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C Style: Standards and Guidelines (contents)

CHAPTER 5 : Naming

PART 2 : COMMENTING AND NAMING

CHAPTER 5 : Naming
5.1 Constraints upon naming
5.2 Abbreviations
5.3 Short names
5.4 Separating words
5.5 Spelling of names
5.6 Naming functions
5.7 Indicating functional group
5.8 Naming variables
5.9 Indicating type
5.10 Naming replacement items
5.11 Naming Files and Directories
5.12 Summary

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5.6  Naming functions

Functions perform actions (they 'do' things), which can usually be described with a verb:

 

Check(), Reset(), Find()

 

In a simple situation, what is being Checked, Reset or Found may be obvious, but in a program of any reasonable size a simple verb name is likely to be insufficient.

These 'actions' that functions typically 'do' are to 'things'. This can be put into practice by creating function names which use a verb to describe what is being 'done' in combination with a noun to describe the 'thing':

 

CheckWidget(), ResetParagraph(), FindPointer()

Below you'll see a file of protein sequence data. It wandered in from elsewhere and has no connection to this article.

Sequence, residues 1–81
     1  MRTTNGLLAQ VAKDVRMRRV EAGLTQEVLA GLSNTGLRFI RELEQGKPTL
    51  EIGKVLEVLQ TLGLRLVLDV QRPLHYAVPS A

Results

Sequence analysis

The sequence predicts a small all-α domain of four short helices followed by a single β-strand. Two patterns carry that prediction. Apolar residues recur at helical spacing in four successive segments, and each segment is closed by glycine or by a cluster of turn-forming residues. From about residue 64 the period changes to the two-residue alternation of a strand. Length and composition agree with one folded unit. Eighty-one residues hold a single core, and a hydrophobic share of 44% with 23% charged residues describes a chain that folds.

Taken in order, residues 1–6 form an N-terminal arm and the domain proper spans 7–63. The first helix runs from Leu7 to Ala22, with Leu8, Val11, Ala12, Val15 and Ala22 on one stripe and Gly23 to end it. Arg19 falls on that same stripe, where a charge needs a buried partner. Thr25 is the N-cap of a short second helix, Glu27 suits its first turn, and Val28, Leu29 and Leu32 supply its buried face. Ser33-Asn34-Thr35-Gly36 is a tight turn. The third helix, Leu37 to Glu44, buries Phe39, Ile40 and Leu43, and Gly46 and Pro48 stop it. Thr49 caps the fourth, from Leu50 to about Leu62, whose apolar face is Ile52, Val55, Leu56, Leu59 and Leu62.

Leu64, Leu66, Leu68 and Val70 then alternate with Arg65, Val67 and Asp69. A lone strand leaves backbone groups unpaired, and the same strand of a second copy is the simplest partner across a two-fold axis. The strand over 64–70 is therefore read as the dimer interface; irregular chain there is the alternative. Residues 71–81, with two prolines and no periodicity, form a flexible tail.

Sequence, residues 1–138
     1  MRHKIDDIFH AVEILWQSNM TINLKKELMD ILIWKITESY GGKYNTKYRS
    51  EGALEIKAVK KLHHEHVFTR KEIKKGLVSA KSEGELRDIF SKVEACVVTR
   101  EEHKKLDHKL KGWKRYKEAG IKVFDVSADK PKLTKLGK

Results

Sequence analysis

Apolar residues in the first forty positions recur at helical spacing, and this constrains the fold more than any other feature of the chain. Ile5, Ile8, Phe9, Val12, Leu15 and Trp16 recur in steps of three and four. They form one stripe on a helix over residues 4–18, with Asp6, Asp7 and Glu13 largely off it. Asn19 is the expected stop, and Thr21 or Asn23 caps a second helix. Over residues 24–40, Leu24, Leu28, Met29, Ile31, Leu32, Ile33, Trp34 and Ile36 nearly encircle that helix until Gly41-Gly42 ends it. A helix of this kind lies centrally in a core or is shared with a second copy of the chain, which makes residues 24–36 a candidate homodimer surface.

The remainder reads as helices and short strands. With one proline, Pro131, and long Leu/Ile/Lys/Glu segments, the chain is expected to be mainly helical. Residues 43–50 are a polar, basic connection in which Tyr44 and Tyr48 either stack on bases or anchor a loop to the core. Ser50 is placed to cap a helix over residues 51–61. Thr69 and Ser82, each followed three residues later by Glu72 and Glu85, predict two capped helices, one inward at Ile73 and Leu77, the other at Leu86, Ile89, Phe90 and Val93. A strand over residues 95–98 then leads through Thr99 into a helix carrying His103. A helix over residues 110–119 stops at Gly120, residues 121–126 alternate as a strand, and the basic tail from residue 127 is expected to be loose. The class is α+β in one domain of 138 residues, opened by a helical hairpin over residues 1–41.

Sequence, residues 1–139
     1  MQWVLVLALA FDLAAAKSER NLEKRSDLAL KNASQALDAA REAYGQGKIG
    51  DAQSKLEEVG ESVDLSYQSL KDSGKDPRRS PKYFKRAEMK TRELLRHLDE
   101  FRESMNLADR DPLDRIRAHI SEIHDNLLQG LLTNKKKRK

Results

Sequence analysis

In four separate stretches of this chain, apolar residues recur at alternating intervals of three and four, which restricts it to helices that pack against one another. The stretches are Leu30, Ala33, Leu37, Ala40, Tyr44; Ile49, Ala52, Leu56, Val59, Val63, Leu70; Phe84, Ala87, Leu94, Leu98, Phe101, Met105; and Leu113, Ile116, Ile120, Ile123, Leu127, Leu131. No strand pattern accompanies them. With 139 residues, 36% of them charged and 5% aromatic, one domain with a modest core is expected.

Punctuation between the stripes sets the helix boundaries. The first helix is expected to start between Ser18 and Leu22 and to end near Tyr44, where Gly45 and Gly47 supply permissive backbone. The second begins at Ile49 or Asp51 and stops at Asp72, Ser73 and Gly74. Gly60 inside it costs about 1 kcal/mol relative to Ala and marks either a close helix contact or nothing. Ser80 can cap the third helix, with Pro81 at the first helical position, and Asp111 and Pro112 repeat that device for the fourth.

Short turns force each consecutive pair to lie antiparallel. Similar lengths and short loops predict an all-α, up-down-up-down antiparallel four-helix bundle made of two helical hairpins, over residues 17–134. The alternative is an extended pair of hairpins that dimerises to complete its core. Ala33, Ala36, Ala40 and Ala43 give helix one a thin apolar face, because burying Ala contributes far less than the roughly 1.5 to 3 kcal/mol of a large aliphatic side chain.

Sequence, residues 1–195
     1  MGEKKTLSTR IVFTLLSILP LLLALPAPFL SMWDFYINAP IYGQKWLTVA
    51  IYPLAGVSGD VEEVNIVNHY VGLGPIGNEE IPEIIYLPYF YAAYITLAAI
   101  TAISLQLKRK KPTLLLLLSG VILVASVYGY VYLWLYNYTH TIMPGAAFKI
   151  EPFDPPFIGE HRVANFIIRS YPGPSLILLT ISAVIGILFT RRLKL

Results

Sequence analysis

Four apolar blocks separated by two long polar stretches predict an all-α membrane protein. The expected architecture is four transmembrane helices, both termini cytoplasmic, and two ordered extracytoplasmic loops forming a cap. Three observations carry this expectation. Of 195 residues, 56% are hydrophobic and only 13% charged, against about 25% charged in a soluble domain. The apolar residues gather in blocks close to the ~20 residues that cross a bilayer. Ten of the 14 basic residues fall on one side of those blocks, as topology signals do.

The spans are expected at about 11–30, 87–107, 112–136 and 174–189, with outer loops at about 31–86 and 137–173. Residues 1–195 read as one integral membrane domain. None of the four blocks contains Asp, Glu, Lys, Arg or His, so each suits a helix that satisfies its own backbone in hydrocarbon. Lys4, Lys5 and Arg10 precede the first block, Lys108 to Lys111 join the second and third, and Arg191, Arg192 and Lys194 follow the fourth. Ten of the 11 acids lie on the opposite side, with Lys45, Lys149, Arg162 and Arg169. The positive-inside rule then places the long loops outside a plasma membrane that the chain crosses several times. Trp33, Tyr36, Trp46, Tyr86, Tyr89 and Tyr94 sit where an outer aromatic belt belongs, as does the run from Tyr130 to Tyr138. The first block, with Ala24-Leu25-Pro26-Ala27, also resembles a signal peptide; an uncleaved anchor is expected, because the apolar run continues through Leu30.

If a function performs several actions, then this scheme can be awkward to use, as you could end up with rather silly (but correct) names like:

 

CheckWidgetAndClearOutput(), ResetParagraphOrDocument()

 

However, a functionally cohesive function (see 7.2.2) which performs a single function allows easy and accurate use of the above verb-noun scheme.

In a complex situation, the noun may not be sufficient description for the 'thing'; in this case an adjective, or more, may be required to qualify it:

 

CheckPrimaryWidget(), ResetFirstParagraph(), FindFirstFreeMemoryPointer()

 

Practically, the descriptive detail that can be put into a name must be limited by length constraints (see 5.1.2), and a compromise must be sought, possibly using abbreviations (see 5.2).

An extension to this naming scheme is, in appropriate cases, to make the whole function read better by adding a preposition to the name (ie. by, in, from, for, to, with, between, etc.):

 

CheckWidgetAgainst( StandardWidget ), ResetParagraphTo( ParaTemplate )

 

When a function returns a variable (other than a simple status return), it may be named by using variable-naming rules (see 5.8), rather than describing the action taken to derive that variable. Which of the following would you chose?

 

WidgetArea = WidgetWidth * FindHeight( Widget );

 

..or..

 

WidgetArea = WidgetWidth * WidgetHeight( Widget );

 

Particularly when used in expressions, the second alternative can be noticeably clearer. Functions should be named so that they will make sense to their caller.

Objections to using much more than a simple verb are usually along the lines that the length of the name is inconvenient, unnecessary and obscuring. It also takes more effort to create a good name. Against this must be set the clarity of purpose that a fuller name gives.

 

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